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935. Global Risks 2024

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935.  Global Risks 2024


On January 10, the World Economic Forum released its Global Risks Report 2024, looking back on the turbulent year 2023 and forward to a world of rapidly increasing uncertainty.

While a majority (54%) of respondents to the September 2023 survey said the world could be destabilized or catastrophic in the short term over the next two years, the longer-term outlook for the next decade was more pessimistic, with nearly two-thirds of respondents saying the world could be destabilized or catastrophic in the short term.

The 2024 report analyzes risks for the next decade through four structural factors that will determine the likelihood of their occurrence and how to manage them.

  • Trajectories relating to global warming and related consequences to Earth systems (Climate Change)
  • Changes in the size, growth and structure of populations around the world (Demographic bifurcation)
  • Developmental pathways for frontier technologies (Technological acceleration)
  • Material evolution in the concentration and sources of geopolitical power (Geostrategic shifts)

Concern about environmental risks was high, with two-thirds of respondents ranking extreme weather events as the most important possible global risk, and many of the top ten long-term risks for the decade were environmentally related. On the other hand, there was also a generational divide in the perceived urgency of environmental risks. Biodiversity, ecosystem collapse, and Earth system changes tended to be seen as long-term risks by the older generation more than by youth, and by the private sector more than by civil society and government, with a gap in perception with youth, civil society, and government, who also prioritized solving Earth system problems in the short term. There was also a gap in the perception of the private sector. The difference in perceptions among key stakeholders suggests that coordination in decision making is not optimized and that there is a risk of missing the timing of interventions that could lead to long-term changes in the Earth system.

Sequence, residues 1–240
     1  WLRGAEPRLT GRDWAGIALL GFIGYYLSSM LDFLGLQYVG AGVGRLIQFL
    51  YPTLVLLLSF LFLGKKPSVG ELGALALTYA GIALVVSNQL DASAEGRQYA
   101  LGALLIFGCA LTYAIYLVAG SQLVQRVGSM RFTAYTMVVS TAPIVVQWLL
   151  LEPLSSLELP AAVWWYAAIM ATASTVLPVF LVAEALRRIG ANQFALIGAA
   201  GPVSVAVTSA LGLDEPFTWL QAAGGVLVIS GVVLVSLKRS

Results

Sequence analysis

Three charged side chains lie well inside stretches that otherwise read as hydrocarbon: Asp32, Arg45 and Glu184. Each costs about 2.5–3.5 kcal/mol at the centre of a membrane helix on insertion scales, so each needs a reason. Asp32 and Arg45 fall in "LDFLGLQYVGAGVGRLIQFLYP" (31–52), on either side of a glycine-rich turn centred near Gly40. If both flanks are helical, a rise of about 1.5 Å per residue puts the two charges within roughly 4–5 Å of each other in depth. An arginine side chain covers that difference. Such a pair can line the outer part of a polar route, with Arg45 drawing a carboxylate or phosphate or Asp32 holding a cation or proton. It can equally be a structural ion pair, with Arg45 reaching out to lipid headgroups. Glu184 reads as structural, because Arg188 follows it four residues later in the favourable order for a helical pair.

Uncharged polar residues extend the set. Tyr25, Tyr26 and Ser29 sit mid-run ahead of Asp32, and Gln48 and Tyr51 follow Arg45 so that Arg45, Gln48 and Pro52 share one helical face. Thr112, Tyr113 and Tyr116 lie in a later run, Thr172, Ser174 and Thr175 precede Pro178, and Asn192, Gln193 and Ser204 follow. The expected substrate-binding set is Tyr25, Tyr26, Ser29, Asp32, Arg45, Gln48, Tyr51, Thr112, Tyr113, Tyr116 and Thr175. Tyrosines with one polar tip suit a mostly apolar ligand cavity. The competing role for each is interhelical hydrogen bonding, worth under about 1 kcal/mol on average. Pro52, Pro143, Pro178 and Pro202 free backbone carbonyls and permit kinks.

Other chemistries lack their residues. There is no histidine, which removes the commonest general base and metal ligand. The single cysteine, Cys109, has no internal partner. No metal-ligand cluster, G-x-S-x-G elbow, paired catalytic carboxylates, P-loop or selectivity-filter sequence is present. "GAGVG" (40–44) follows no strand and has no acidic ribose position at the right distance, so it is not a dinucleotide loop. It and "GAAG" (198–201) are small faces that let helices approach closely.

Social polarization is closely linked to economic downturns and is seen as both a cause and a consequence of many risks. In particular, misinformation and disinformation exacerbating social polarization emerged as the most worrisome risk over the next two years. With elections scheduled in Bangladesh, India, Indonesia, Mexico, Pakistan, the United Kingdom, and the United States over the next two years, there is concern that social unrest could be exacerbated if disinformation undermines the legitimacy of regimes at a time when 3 billion equivalent people worldwide have the opportunity to vote. Beyond elections, the polarization of perceptions of global realities, from public health to social justice, threatens to increase propaganda and censorship, threatening press freedom in some countries.

Other risks cited were the rising cost of living, the spread of geopolitical conflicts, and the dysfunction of international governance mechanisms under the dynamics of the Global North and Global South.

The report suggests that in a fragmented and fluid world, regional and international cooperation should play an important role in mitigating global risks, despite the challenges they face.


Contributor: IIYAMA Miyuki (Information Program)

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